Skip to main content Accessibility help

Nitrous oxide concentrations in maternal and fetal blood during Caesarean section

  • F. Karasawa (a1), A. Takita (a1), I. Fukuda (a1) and Y. Kawatani (a1)



Background and objective: There are little data on nitrous oxide (N2O) concentrations in neonatal blood at delivery. We investigated the effects of the time elapsing between the induction of anaesthesia and delivery (the I–D interval) on umbilical blood N2O concentrations.

Methods: Maternal and neonatal blood N2O concentrations were measured in 27 patients undergoing Caesarean section under N2O 67% anaesthesia. The duration of N2O administration (range 2–50 min) was arbitrarily divided into three groups (each n = 9): short (2–9 min), medium (9.1–14 min) and long duration (14.1–50 min).

Results: Compared with a rapid increase in the maternal arterial N2O concentration (48.9 ± 4.7%), the umbilical venous N2O concentration (17.9 ± 8.3%) rose slowly in the short duration group, whereas the N2O concentrations became more similar (61.6 ± 4.3 and 43.2 ± 10.0%, respectively) in the long duration group. The ratio of umbilical vein to maternal artery N2O concentrations correlated with the duration of N2O anaesthesia (r = 0.739), resulting in ratios of 0.37 ± 0.18, 0.61 ± 012 and 0.70 ± 0.13 for the short, medium and long duration groups, respectively. The Apgar score at 1 min correlated inversely with the duration of anaesthesia and with the umbilical vein N2O concentration (r = −0.457 and −0.423, respectively).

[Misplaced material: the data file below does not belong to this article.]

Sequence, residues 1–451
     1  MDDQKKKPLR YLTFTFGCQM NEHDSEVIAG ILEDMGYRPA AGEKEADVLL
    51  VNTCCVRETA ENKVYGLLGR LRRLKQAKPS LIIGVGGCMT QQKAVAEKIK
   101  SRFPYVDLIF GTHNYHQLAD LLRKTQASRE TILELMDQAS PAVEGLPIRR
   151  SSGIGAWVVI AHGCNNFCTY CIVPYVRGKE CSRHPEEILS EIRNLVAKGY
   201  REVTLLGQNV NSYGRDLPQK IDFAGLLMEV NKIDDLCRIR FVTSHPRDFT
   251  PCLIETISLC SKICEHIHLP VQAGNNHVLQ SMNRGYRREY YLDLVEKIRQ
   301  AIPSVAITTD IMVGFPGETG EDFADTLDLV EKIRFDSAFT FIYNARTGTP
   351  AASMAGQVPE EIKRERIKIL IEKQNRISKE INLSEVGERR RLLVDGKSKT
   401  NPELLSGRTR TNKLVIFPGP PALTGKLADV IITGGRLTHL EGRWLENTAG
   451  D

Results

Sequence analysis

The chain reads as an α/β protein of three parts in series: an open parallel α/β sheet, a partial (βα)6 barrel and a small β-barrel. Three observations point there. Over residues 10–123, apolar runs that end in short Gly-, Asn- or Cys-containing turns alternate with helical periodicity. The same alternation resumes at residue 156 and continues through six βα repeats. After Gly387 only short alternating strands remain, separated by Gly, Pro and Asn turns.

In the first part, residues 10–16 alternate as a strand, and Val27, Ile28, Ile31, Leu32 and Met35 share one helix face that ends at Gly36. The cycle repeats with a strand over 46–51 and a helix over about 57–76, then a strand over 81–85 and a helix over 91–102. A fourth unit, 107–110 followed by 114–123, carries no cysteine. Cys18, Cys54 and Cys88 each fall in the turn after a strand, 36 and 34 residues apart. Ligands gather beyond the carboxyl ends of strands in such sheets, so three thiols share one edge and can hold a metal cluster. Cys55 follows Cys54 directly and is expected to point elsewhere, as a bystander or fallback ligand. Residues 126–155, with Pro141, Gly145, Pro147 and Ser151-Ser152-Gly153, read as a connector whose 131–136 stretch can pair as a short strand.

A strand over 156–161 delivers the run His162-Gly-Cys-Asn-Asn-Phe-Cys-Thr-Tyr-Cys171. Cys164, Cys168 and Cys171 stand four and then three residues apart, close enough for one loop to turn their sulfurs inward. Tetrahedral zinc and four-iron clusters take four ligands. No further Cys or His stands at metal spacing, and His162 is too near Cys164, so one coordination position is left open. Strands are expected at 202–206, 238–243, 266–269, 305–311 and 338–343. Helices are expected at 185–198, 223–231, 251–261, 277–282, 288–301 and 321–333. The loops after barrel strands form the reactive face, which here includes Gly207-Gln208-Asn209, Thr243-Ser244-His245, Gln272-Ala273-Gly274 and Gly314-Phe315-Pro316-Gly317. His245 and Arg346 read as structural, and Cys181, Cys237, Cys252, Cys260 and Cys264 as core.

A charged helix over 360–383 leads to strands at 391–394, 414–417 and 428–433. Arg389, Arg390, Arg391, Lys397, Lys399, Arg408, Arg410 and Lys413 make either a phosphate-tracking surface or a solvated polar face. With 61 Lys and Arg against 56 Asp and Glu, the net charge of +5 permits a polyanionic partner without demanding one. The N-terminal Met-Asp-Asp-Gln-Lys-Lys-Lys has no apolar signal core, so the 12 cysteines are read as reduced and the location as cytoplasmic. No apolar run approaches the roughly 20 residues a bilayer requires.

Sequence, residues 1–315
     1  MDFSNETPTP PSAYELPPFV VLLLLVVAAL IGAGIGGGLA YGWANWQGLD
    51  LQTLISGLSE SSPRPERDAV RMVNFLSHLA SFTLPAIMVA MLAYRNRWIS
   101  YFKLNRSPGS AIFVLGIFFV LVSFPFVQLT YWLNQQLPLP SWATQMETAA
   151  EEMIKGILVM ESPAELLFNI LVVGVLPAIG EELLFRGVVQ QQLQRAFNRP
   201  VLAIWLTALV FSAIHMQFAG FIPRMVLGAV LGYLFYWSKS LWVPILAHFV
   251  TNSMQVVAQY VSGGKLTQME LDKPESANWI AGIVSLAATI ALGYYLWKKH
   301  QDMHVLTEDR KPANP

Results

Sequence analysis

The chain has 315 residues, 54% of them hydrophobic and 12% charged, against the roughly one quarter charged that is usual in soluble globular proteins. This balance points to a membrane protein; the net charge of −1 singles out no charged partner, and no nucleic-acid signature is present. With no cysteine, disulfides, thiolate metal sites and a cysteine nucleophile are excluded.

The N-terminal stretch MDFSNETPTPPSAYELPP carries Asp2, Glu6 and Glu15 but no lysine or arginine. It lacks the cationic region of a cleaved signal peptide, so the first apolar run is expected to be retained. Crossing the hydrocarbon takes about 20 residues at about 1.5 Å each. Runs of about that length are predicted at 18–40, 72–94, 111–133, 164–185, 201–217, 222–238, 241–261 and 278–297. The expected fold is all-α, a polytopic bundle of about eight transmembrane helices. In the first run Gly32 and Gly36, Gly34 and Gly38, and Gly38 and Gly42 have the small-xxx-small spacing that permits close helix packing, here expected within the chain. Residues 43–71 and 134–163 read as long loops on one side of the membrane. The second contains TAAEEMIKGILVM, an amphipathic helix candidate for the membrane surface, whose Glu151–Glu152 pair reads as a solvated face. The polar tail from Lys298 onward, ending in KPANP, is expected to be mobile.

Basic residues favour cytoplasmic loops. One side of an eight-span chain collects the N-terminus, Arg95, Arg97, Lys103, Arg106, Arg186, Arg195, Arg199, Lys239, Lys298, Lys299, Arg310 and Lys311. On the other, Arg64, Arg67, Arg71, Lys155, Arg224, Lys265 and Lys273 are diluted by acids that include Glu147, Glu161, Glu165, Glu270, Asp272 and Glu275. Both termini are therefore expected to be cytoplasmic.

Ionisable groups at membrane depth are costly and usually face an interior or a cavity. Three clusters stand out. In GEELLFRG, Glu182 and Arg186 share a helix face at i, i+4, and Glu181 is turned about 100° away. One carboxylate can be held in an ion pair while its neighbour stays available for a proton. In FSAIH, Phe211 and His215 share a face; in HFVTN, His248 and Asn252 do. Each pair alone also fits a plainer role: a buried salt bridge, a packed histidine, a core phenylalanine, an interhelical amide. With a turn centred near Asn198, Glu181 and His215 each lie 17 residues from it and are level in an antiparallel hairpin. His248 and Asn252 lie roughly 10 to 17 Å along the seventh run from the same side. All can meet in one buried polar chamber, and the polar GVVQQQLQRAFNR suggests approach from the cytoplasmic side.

Conclusions: The data suggest that placental N2O transfer during Caesarean section is time-dependent and slower compared with maternal N2O uptake. They also suggest that the Apgar score is less affected by N2O administration when the I–D interval is shorter.


Corresponding author

Correspondence to: Fujio Karasawa, Department of Anaesthesiology, National Defense Medical College, Tokorozawa, Saitama 359-8513, Japan. E-mail:; Tel: +81 42 995 1692; Fax: +81 42 992 1215


Hide All


Santos AC, O'Gorman DA, Finster M. Obstetric anesthesia. In: Barash PG, Cullen BF, Stoelting RK, eds. Clinical Anesthesia, 4th edn. Philadelphia, USA: Lippincott Williams & Wilkins, 2001: 11411170.
Brownridge P. Obstetric anaesthesia and Caesarean section. In: Prys-Roberts C, Brown Jr BR, eds. International Practice of Anaesthesia, vol. 2. Oxford, UK: Butterworth-Heinemann, 1996: 2/98/113.
Stenger VG, Blechner JN, Prystowsky H. A study of prolongation of obstetric anesthesia. Am J Obst Gynec 1969; 103: 901907.
Marx GF, Joshi CW, Orkin LR. Placental transmission of nitrous oxide. Anesthesiology 1970; 32: 429432.
Cohen EN, Paulson WJ, Wall J, Elert B. Thiopental, curare and nitrous oxide anesthesia for cesarean section with studies on placental transmission. Surg Gynec Obstet 1953; 97: 456465.
Eger EI II. Uptake and distribution. In: Miller RD, ed. Anesthesia, 4th edn. Philadelphia, USA: Churchill Livingstone, 2000: 7495.
Mankwitz E, Brock-Utne JG, Downing JW. Nitrous oxide elimination by the newborn. Anaesthesia 1981; 36: 10141016.


Nitrous oxide concentrations in maternal and fetal blood during Caesarean section

  • F. Karasawa (a1), A. Takita (a1), I. Fukuda (a1) and Y. Kawatani (a1)


Full text views

Total number of HTML views: 0
Total number of PDF views: 0 *
Loading metrics...

Abstract views

Total abstract views: 0 *
Loading metrics...

* Views captured on Cambridge Core between <date>. This data will be updated every 24 hours.

Usage data cannot currently be displayed